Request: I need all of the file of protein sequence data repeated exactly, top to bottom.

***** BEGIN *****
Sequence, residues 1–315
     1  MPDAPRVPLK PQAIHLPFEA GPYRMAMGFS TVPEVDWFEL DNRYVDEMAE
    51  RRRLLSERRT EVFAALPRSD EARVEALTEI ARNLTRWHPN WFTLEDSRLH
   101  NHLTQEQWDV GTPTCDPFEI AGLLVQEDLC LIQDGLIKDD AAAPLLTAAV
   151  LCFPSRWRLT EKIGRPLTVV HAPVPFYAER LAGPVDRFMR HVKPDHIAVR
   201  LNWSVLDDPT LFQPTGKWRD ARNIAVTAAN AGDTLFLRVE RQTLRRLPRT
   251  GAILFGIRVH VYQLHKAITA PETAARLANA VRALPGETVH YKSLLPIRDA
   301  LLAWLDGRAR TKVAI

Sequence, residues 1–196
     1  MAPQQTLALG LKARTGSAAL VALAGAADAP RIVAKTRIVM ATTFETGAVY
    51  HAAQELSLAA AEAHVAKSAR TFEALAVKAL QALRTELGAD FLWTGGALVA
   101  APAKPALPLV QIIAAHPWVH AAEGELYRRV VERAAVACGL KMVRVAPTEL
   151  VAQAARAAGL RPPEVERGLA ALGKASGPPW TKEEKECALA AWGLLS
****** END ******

Sequence, residues 1–315
     1  MPDAPRVPLK PQAIHLPFEA GPYRMAMGFS TVPEVDWFEL DNRYVDEMAE
    51  RRRLLSERRT EVFAALPRSD EARVEALTEI ARNLTRWHPN WFTLEDSRLH
   101  NHLTQEQWDV GTPTCDPFEI AGLLVQEDLC LIQDGLIKDD AAAPLLTAAV
   151  LCFPSRWRLT EKIGRPLTVV HAPVPFYAER LAGPVDRFMR HVKPDHIAVR
   201  LNWSVLDDPT LFQPTGKWRD ARNIAVTAAN AGDTLFLRVE RQTLRRLPRT
   251  GAILFGIRVH VYQLHKAITA PETAARLANA VRALPGETVH YKSLLPIRDA
   301  LLAWLDGRAR TKVAI

Sequence, residues 1–196
     1  MAPQQTLALG LKARTGSAAL VALAGAADAP RIVAKTRIVM ATTFETGAVY
    51  HAAQELSLAA AEAHVAKSAR TFEALAVKAL QALRTELGAD FLWTGGALVA
   101  APAKPALPLV QIIAAHPWVH AAEGELYRRV VERAAVACGL KMVRVAPTEL
   151  VAQAARAAGL RPPEVERGLA ALGKASGPPW TKEEKECALA AWGLLS